Current Mortgage Refinance Rates, November 26, 2020 | Rate rises

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Mortgage refinance rates were mixed, but one key rate floated higher.

The average rate nationwide for a 30-year fixed-rate refinance advanced, but the average rate on a 15-year fixed fell. The average rate on 10-year fixed refi, meanwhile, dropped.

Refinancing rates are in a constant state of flux, but they remain low by historical standards. If you’re in the market to refinance, it could make sense to lock if you see a rate you like.

See refinance rates for a variety of loan options here.

30-year fixed refinance

The average 30-year fixed-refinance rate is 3.05 percent, up 2 basis points compared with a week ago. A month ago, the average rate on a 30-year fixed refinance was higher, at 3.11 percent.

At the current average rate, you’ll pay $424.31 per month in principal and interest for every $100,000 you borrow. That’s up $1.09 from what it would have been last week.

You can use Bankrate’s mortgage calculator to get a handle on what your monthly payments would be and see how much you’ll save by adding extra payments. It will also help you calculate how much interest you’ll pay over the life of the loan.

15-year fixed refinance

The average for a 15-year refi is currently running at 2.48 percent, down 8 basis points over the last seven days.

Monthly payments on a 15-year fixed refinance at that rate will cost around $663 per $100,000 borrowed. That may put more pressure on your monthly budget than a 30-year mortgage would, but it comes with some big advantages: You’ll save thousands of dollars over the life of the loan in total interest paid and build equity much more quickly.

10-year fixed refinance

The average rate for a 10-year fixed-refinance loan is 2.50 percent, down 7 basis points since the same time last week.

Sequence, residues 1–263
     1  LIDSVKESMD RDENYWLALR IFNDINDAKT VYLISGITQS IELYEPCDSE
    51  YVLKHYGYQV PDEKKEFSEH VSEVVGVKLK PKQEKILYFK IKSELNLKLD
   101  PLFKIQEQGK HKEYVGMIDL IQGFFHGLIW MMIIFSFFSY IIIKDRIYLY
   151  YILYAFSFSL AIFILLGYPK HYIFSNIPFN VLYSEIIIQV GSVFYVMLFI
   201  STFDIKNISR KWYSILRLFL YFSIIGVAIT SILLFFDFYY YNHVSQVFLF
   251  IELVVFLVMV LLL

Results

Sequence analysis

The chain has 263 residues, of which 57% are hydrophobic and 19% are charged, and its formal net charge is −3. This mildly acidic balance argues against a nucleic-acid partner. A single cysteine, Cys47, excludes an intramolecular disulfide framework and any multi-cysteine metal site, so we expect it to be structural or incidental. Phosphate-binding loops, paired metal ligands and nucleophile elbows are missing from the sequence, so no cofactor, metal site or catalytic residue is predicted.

Monthly payments on a 10-year fixed-rate refi at 2.50 percent would cost $945.89 per month for every $100,000 you borrow. That hefty monthly payment comes with the benefit of paying even less interest over the life of the loan than you would with a 15-year term.

Where rates are headed

To see where Bankrate’s panel of experts expect rates to go from here, check out our Rate Trend Index.

Want to see today’s average rates? Lenders nationwide respond to Bankrate’s weekday mortgage rates survey to bring you the most current rates available. Here you can see the latest national average rates for a wide variety of mortgage loans for refinancing:

Average refinance interest rates
Product Rate A week ago Change
30-year fixed refi 3.05% 3.03% +0.02
15-year fixed refi 2.48% 2.56% -0.08
10-year fixed refi 2.50% 2.57% -0.07

Rates as of November 25, 2020.

Want to see where rates are right now? See refinance rates for a variety of loan options here.

Is now a good time to refinance?

Generally speaking, yes, now is a good time to refinance. Mortgage rates have regularly hit record lows over the past few months. Though rates can rise and fall from one week to the next, they have been around 3 percent over time, with some surveys showing them in the 2s. If you’re a homeowner with good or excellent credit, it’s a good time to think about refinancing. Remember: The Federal Housing Finance Agency will institute a new refinancing fee of 0.5 percent on all loans worth $125,000 or more. That fee goes into effect Dec. 1, but many mortgage lenders are already pricing the fee into their loan offers.

Current refinance rate environment

Because of the low interest rates, the past few months have been extremely busy for refinancing. Although it can still be a good option for many borrowers to refinance, be prepared to wait longer than normal to close on the loan. Some lenders may have tightened their lending standards. It may be more difficult to land a refinancing offer if your credit isn’t in good condition, or if you’ve had a recent change in your employment.

When you should refinance